Wednesday, August 3, 2011


The radio announcer warned drivers to be very careful when driving in the area of the mice plague, however, I just had to drive to the town of Hurtley. Again, as was my wont, I drove to this location on a warm summer evening in order to be able to meet my client there first thing in the morning.
Hurtley is a small farming town with great grain silos, which are visible from far away. Also, there are huge mounds of grain simply covered by large tarpaulins. The people there are particularly friendly to anybody who calls on them. Unfortunately, they lose their young folk to the city and those who stay, try very hard to make a living and to stop the population drain. I thought of my contact there, a hospital engineer with a craggy face and deep sunburn, which told me that he was also running a small farm in his spare time.
Darkness had set in but in my headlights the roads were clear and there was no traffic at all. I had the feeling that I was the only person in the world driving on that road. The gentle music in my car and the soft glow of the dashboard gave the interior a pleasant ambience. Suddenly, I saw something - a strange vision. Slowing down to almost walking pace, I gazed at what seemed like a gigantic grey carpet on the road - a carpet stretching from one field, covering the road, and continuing on the other side. It was so large that I could not see where it started or where it ended. It covered the ground and billowed as if there were a draft underneath it. Incredible! As I got closer, dread came over me - ‘the grey carpet’ was a plague of mice, migrating across the road and spilling into the field on the other side. They moved in such tight formation covering the left side of the road and spilling onto the middle that they really looked like one gigantic grey carpet. When I wound down my window, I heard them emitting a high-pitched squeaking that continued on and on. It was a clear moonlit night and I could see quite a distance into the land on both sides of the road - and what I saw was wall-to-wall mice. There was no end to them.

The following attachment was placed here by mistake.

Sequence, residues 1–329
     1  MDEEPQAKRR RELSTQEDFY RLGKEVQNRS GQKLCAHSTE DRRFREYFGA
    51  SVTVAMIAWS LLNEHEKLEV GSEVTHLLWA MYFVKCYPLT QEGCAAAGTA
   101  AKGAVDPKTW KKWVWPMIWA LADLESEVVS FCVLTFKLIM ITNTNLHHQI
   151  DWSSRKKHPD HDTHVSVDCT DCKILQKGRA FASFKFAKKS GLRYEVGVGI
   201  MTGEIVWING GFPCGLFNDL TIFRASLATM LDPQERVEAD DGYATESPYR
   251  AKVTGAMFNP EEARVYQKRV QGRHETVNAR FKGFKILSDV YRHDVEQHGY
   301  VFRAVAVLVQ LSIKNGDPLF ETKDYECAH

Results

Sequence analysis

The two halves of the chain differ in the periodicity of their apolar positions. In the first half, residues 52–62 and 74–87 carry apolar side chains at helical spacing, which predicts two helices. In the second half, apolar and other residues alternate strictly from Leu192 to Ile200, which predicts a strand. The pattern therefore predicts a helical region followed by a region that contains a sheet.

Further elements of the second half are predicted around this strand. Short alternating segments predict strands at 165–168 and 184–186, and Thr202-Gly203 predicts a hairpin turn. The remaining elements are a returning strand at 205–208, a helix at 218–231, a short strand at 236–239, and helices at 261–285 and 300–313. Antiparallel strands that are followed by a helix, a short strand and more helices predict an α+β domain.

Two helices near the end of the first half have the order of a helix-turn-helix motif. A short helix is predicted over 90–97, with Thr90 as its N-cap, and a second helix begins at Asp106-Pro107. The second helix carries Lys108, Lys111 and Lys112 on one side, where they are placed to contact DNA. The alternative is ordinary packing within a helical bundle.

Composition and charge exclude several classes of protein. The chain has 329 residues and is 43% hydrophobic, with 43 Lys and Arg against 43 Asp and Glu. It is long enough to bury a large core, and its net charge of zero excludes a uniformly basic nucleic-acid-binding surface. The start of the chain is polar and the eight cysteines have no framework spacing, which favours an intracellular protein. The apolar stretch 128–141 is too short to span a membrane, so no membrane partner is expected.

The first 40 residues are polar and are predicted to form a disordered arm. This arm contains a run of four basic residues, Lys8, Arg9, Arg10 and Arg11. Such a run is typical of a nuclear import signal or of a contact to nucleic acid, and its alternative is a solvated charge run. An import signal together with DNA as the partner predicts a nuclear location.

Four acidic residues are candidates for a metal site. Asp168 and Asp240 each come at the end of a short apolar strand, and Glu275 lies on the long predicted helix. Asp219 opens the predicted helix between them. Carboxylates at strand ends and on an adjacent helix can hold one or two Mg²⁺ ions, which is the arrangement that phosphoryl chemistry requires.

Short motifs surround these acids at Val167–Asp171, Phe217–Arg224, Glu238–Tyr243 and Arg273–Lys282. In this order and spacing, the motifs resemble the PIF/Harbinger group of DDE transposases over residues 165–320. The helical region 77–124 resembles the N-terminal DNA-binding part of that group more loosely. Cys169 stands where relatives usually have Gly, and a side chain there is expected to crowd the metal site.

I quickly had to make a decision: I had to continue my journey, come what may, as I had people waiting for me: the motel where I had booked a room and my client early the next morning. Driving slowly and gritting my teeth I kept going, into the mass of living flesh. My car slithered and slid and my hair stood on end because I could not see where the road ended and where the fields started. Unlike in floodwater, I could not see the middle line on the road to guide me, yet every now and then a traffic sign indicated to me that I had managed to somehow stay on the road. After about an hour of this gruesome experience I had reached the outskirts of the town and the mice had started to thin out.
I staggered into the reception room of the motel and the manager looked with alarm at my white face, trembling body and wet shirt, clinging to me. I stammered a bit when I told him what I had just been through. He nodded understandingly and his face hardened. It was like a punishment from God and there was little the suffering population could do about it.
Digging trenches with poisonous liquid, trapping them, shooting them; nothing seemed to have had any effect on this plaque. And as for the cats, they were nowhere to be seen. Jim, the motel manager, spoke very slowly: ‘And when this plague is over we can expect a plague of snakes. They normally follow mice.’
‘That is terrible, Jim. How do you cope with all this?’
He managed a forced smile. ‘You city people have no idea what we go through at times. As if the drought was not enough for us!’
I had walked into my motel room in a very depressed state. The next morning, upon seeing my blood spattered car, my stomach churned again. After completing my business with Alan Frosby, the maintenance engineer, I had driven off to the next town and found the roads clear and the land eaten bare, devoid of any plant life. Only occasionally did I encounter mice and the ones on the road were as flat as pancakes. This eerie experience will be with me for a long time, taking its place in my memory, next to some other catastrophes I have encountered in my long years as company representative.

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